AM Report Pearls: Systematic Approach to Weakness

AM Report Pearls: Systematic Approach to Weakness

Step 1: Distinguish true muscle weakness vs perceived weakness

Causes of functional/perceived weakness:

  • Deconditioning/Muscle wasting from prolonged bedrest – on exam, you can see symmetric weakness in all extremities, no decreased reflexes or focal neuro deficits
  • Functional/psychogenic weakness – on exam, you can do maneuvers to distinguish between true weakness and psychogenic – note that this is a diagnosis of exclusion!

Step 2: Localize the lesion! CNS Lesion or PNS Lesion? Physical Exam helps you distinguish!

CNS Causes of Weakness:

  1. Brain – on exam, usually ASYMMETRIC neuro findings, look for UMN signs (hyperreflexia, spasticity, Babinski) and cortical signs (language, neglect, field cuts)
    • Strokes
    • Space-occupying lesions/masses
  2. Spinal cord – on exam, can be asymmetric OR symmetric neuro findings, look again for UMN signs
    • Demyelinating disease (like MS)
    • Infection (epidural abscess, discitis/osteomyelitis)
    • Malignancy (mets to the spinal cord – commonly seen in Breast cancer, prostate cancer or primary spine malignancies like multiple myeloma)
    • Vascular abnormalities i.e. spinal infarction (often seen post-operatively)
    • Post-traumatic spinal cord injury

PNS Causes of Weakness

  1. Peripheral nerve – can be asymmetric or symmetric – check for LMN signs (hyporeflexia, decreased muscle bulk/tone, atrophy, fasiculations)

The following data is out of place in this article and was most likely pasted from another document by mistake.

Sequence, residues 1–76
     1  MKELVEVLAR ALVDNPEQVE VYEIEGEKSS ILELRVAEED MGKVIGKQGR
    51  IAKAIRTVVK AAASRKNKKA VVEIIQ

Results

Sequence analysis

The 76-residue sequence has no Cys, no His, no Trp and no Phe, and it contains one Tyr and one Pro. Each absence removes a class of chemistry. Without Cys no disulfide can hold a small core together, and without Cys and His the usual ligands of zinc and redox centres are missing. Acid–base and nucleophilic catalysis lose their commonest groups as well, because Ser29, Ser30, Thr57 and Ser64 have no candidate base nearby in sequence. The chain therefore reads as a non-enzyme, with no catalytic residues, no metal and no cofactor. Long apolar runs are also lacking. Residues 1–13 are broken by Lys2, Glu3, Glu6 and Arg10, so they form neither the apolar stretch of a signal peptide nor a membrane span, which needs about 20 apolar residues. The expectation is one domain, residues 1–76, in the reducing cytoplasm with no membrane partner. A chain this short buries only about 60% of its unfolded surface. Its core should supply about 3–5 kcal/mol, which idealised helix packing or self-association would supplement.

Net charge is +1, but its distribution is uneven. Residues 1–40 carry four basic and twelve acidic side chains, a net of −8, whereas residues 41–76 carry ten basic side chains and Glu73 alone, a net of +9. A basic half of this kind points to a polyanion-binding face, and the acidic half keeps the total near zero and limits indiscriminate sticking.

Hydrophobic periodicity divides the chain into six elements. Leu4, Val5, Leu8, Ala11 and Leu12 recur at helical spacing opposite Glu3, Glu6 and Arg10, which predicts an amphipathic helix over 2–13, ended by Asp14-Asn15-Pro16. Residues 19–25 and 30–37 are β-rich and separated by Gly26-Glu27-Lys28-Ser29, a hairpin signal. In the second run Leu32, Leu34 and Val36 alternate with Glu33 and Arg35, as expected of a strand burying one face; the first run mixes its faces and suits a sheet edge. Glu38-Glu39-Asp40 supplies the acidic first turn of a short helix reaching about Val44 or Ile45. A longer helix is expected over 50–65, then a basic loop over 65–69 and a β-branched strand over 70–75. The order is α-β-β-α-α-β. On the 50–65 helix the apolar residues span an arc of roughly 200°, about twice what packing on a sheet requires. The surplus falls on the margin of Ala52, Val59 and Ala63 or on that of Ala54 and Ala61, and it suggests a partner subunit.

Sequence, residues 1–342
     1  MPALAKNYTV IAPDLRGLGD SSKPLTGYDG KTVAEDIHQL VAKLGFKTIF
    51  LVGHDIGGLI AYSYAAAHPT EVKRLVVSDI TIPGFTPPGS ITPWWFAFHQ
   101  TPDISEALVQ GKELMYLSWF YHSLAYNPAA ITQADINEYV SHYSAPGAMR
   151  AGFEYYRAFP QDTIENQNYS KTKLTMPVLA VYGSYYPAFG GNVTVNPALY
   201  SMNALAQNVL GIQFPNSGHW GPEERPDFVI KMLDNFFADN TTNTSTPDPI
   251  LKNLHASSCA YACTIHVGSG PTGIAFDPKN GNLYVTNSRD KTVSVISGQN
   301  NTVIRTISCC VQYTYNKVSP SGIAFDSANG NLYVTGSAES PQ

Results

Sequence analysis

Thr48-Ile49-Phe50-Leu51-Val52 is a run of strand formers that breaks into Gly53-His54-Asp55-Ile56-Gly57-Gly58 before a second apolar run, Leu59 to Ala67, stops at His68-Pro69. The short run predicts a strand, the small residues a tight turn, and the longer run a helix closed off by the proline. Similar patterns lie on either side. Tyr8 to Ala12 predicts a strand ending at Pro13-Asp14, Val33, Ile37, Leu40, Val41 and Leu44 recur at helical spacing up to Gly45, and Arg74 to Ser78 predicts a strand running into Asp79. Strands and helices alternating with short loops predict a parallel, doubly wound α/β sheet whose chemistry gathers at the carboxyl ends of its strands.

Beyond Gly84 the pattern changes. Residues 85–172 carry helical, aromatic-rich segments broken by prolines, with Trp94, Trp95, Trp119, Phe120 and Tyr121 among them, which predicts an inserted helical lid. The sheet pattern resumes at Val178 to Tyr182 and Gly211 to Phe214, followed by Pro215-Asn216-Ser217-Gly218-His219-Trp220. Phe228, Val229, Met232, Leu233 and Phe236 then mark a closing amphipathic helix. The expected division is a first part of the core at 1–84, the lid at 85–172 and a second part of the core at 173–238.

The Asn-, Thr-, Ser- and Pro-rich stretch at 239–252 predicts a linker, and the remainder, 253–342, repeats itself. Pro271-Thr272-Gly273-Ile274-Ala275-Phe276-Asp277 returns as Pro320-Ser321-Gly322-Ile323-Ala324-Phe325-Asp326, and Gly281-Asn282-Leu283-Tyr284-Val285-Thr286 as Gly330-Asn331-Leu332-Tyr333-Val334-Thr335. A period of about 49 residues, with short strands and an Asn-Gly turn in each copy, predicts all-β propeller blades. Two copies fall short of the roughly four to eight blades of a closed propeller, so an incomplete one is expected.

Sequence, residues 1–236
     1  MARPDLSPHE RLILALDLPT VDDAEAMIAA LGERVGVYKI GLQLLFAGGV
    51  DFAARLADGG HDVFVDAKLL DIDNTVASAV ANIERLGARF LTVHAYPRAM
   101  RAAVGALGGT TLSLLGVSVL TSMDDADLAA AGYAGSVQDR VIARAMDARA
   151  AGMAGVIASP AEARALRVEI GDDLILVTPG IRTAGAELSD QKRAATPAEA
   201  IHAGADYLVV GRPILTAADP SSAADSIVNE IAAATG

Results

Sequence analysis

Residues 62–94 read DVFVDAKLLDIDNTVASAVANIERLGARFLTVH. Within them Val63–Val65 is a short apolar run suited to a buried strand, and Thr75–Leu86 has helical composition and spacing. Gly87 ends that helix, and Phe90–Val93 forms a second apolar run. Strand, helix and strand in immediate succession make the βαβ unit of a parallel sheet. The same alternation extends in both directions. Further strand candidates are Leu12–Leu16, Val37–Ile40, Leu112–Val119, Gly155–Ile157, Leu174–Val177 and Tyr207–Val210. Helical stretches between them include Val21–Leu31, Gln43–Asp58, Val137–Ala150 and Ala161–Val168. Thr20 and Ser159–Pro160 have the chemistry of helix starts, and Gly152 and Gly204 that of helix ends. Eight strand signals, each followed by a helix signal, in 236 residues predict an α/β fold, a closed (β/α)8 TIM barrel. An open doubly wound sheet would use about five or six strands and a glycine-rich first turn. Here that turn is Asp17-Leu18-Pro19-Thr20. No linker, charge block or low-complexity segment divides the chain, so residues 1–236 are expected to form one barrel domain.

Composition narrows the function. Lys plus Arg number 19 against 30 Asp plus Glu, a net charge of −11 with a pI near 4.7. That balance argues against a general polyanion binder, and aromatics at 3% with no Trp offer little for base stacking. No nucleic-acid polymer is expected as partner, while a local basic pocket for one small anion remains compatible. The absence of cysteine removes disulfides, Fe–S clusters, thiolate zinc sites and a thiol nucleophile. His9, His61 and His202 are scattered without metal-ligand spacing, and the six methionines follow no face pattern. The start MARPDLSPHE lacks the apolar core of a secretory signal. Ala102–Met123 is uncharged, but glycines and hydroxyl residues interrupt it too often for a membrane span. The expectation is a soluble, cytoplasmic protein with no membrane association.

• Symmetric polyneuropathies à Think of DM (most common), toxic (ETOH), metabolic (B12 deficiency, copper deficiency that mimics B12 deficiency)
    • Mononeuropathy à Think of mononeuritis multiplex (seen in DM or vasculitis), think of nerve compression (e.g. carpal tunnel, tarsal tunnel)
  2. Neuro-muscular junction: usually symmetric, usually proximal muscle weakness, check for bulbar signs/symptoms (the “D” symptoms – dysphagia, dysphonia, dysarthria)
    • Myesthenia Gravis à note fatiguability with repeated movements
    • Lambert-Eaton (paraneoplastic) à facilitation with repeated movements
    • In SF, don’t exclude botulism from IVDU!
  3. Muscle i.e. Myopathy: often symmetric, tends to be proximal > distal
    • Medications (e.g. statins)
    • Substance abuse particularly alcohol
    • Endocrinopathies (hyper or hypothyroidism, Cushing’s disease)
    • Autoimmune (dermatomyositis, polymyositis)
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